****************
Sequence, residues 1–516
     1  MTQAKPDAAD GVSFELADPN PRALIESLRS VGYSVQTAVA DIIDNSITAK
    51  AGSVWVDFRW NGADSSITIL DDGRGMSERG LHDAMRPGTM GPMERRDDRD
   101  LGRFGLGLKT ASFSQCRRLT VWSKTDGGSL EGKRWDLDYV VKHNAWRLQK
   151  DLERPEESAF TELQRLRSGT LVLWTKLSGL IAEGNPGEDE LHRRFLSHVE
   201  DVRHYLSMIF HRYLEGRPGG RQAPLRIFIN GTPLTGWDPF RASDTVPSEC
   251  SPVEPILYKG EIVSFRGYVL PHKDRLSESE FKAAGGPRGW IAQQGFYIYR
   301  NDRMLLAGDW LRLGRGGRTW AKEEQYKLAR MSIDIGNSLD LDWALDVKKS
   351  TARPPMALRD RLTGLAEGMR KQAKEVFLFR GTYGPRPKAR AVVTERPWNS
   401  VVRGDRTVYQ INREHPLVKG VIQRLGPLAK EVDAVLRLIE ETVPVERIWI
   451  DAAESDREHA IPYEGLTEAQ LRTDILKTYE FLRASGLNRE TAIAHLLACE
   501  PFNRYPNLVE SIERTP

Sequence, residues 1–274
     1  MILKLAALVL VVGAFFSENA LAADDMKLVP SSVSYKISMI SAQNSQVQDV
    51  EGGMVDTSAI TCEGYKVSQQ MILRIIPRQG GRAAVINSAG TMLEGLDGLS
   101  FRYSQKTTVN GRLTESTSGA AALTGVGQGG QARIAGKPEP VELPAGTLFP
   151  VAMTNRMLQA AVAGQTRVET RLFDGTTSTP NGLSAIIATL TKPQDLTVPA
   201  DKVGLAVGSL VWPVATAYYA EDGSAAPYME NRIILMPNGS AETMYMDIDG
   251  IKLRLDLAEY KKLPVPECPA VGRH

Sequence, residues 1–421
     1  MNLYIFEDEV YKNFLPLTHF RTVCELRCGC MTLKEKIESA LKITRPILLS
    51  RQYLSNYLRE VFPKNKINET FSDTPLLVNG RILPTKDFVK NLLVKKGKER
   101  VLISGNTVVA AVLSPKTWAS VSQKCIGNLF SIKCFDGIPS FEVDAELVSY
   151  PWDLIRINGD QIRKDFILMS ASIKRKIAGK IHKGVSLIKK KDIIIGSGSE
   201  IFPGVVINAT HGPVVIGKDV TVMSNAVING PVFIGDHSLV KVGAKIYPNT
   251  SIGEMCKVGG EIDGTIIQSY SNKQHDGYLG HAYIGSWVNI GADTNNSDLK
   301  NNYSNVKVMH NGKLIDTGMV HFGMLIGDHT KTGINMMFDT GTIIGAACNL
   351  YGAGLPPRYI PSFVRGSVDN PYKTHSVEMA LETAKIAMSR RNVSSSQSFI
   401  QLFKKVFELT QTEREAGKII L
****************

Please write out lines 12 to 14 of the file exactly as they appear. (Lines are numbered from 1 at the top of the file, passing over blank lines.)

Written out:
   501  PFNRYPNLVE SIERTP

Sequence, residues 1–274
     1  MILKLAALVL VVGAFFSENA LAADDMKLVP SSVSYKISMI SAQNSQVQDV